Vegan lemon poppy seed cake
Vegan lemon poppy seed cake
It’s the weekend at last. Even though it’s another DIY weekend for us, I am looking forward to it as we are finally putting the last coat of paint on our living room walls, woop woop. The walls are already looking great even though we did encounter some unsightly issues after the first coat and our hearts sank a little. Some remedial action and another coat has made a big difference and this third and final coat will certainly seal the deal.
Our long awaited sofa is almost ready for delivery so we should be able to finally have a bit of comfort in the next one to two weeks. It’s just as well as, with the coronavirus sweeping across the globe, we are relieved to soon have a spare sleeping arrangement if one of us falls ill. Due to the official health warnings, Duncan is working from home most days next week. Tina will be delighted and I am sure she will install herself on his lap as soon as he sits down at his desk and stay there until he finishes for the day, making his loo or food breaks an apologetic nightmare. She is a mega cuddler in cold winter months and Duncan is certainly her favourite person on Earth. When I mock-sulk about it, he tells me that it’s because I am way more fidgety than he is, but we both know it’s not true. They are so adorable together, gazing into each other’s eyes, that it makes me wanna cry (I am an easy crier, no surprises there!)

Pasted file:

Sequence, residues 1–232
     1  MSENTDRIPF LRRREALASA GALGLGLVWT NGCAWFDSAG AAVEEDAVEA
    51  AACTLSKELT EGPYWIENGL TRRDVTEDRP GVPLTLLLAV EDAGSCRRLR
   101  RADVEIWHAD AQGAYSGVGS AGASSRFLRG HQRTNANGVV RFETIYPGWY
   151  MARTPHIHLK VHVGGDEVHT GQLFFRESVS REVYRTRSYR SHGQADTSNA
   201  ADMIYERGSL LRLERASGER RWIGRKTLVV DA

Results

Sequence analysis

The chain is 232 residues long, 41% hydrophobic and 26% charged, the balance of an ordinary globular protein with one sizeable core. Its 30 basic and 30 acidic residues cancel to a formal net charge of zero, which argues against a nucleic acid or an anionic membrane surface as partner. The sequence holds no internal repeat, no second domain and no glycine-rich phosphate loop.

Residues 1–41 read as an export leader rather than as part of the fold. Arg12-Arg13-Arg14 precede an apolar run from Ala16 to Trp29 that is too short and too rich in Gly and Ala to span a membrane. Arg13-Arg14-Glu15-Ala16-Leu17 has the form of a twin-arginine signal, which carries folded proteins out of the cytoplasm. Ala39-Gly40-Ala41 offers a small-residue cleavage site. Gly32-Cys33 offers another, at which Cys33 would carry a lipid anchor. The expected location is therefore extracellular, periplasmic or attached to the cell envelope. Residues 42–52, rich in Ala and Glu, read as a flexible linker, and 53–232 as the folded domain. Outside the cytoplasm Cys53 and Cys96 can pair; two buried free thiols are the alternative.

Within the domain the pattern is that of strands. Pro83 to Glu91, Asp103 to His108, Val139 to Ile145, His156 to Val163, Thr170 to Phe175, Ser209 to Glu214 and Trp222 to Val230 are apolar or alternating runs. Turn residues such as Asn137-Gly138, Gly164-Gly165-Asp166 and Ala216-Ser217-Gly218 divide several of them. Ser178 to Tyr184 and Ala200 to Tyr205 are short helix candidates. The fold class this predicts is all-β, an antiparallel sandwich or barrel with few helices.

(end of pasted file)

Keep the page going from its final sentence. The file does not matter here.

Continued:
From other news, I had my first therapy session yesterday, which was very validating and it took a weight off my shoulders. My therapist has confirmed my assessment of the situation and I am getting a lot of homework before our next session so that I can start working on reorganising my brain as the brain, ladies and gentlemen, has a lot of plasticity which is good news for people who want to work on changing themselves. I already feel a touch lighter by speaking to a qualified professional. I’m focusing on not anticipating things, just putting one foot in front of the other and paying close attention to the quality of my footwork, if that makes sense.
As it’s mid-March I made a very spring-appropriate cake even though yesterday we saw a procession of hail that sounded like an angry mob knocking on our windows and doors all at once and temperatures close to freezing. The cake definitely will not go to waste especially that we are decorating and have a couple of friends popping over on Sunday. It’s based on my old favourite lemon drizzle cake that is quite popular, but I tinkered with the recipe a little to make it even nicer. It’s easy to make, fills your house with a delicious citrusy fragrance and goes really well with a cup of chamomile tea. Enjoy!
- 80 ml / 1/3 cup mild tasting oil (for example, mild olive oil or melted mild coconut oil)
- 150 g / ¾ cup caster sugar or coconut sugar
- 150 ml / ½ cup + 2 tbsp room temperature* plant milk (I used almond)
- 60 ml / ¼ cup lemon juice